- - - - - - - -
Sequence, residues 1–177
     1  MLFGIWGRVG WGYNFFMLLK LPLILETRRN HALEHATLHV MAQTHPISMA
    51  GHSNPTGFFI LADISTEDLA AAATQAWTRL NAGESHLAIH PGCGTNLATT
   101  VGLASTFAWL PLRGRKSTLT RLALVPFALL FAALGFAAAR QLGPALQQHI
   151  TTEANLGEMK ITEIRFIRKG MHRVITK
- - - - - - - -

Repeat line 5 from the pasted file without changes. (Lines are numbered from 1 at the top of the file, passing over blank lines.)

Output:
   151  TTEANLGEMK ITEIRFIRKG MHRVITK